Janet Caschetta talks with Beth McNamara while students Emily Doogan (from left), Alexis Crowhurst and Katelyn Shellhammer talk. | Supplied photo
Updated: July 24, 2013 6:02AM
In recognition of American Education Week, Lincoln-Way Community High School District 210 invited local business and community leaders to visit school for a day to see students, faculty and staff members in action.
“Lincoln-Way High School District 210 is proud of its educational programs,” Supt. Lawrence A. Wyllie said. “We believe it takes a commitment from every member of our community — from retired citizens and parents to business leaders and school board members — to make our schools the best they can be. We would be absolutely nothing without your support.”
Forty business and community leaders, including library officials, village clerks, doctors, medical professionals, park district representatives, school board members and chambers of commerce officials, attended the community leader event April 17 at Lincoln-Way Central.
Air Force Junior ROTC cadets greeted visitors at the door, and administrators escorted each one to class. The adults observed math, English, physical education, art, Spanish, science, social science, music, reading or early childhood development classes.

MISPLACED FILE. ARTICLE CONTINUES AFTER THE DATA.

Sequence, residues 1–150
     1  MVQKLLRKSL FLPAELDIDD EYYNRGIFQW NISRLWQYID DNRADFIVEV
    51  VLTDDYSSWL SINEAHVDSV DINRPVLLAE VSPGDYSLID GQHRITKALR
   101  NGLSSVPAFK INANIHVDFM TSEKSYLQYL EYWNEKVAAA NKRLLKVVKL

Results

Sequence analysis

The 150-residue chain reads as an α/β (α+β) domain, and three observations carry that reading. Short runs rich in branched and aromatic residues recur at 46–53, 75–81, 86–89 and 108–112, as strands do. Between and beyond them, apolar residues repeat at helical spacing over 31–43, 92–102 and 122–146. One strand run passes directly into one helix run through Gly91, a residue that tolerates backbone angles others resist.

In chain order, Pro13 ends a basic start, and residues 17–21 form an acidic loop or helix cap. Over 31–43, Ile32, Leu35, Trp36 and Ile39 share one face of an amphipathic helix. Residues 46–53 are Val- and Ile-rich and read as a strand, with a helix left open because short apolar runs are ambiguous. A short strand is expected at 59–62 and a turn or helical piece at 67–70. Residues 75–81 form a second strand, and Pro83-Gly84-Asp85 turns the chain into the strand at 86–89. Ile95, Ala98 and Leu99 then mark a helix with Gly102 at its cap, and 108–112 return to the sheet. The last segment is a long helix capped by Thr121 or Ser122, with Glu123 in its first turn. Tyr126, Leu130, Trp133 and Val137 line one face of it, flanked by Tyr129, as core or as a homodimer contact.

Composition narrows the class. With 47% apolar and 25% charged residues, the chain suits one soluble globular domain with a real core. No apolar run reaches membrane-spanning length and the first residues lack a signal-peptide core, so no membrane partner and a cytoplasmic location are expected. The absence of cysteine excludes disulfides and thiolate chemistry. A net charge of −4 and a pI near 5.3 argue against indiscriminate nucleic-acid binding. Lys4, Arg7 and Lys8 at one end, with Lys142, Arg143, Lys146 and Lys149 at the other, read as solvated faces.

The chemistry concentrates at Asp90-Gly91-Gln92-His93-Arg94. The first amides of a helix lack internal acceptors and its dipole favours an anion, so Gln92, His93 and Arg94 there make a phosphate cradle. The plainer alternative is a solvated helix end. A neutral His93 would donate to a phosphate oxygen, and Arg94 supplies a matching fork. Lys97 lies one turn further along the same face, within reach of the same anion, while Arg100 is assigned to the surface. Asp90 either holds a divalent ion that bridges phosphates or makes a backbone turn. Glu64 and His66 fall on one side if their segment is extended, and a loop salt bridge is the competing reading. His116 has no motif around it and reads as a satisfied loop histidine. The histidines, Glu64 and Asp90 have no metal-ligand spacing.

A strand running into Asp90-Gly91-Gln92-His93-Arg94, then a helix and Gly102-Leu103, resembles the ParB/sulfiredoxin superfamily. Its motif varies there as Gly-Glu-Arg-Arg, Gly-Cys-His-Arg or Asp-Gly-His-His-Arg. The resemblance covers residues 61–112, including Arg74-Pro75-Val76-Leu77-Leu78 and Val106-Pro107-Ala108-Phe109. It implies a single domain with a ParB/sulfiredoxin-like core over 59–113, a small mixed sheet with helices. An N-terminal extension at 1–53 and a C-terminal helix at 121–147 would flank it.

Afterward, they gathered in the school’s community room for lunch prepared by the cafeteria staff.
Students in the school’s “What’s for Dinner” class helped serve meals and prepared the dessert.
Missy Rowell, the family and consumer science department chair for Lincoln-Way Central and West, talked to the guests about the variety of foods classes offered at the schools and introduced the students who made and helped serve the Oreo cookie cheesecake squares dessert.
Student helpers were Emily Baker, Jessica Schury, Ryan Phelan, Diana Villagomez, Andrew Spesia, Conner Mikoff, Autumn Deacon and Aaron Pachol.
Wyllie discussed student achievement and the importance for educators to vary their lesson plans to include lectures, PowerPoint presentations and hands-on learning since all students learn differently.
According to the most recent Illinois State Report Cards, all four Lincoln-Way high schools rank in the top 9.8 percent of the 668 high schools in the Prairie State Achievement Exam test scores in Illinois.
“Each year, as the board of education sets goals for Lincoln-Way High School District 210, improved student achievement is always No. 1, along with fiscal responsibility,” Wyllie said. “Everyone has worked to help students improve their academic intensity, as we are seeing the results in improved student achievement since 2001.”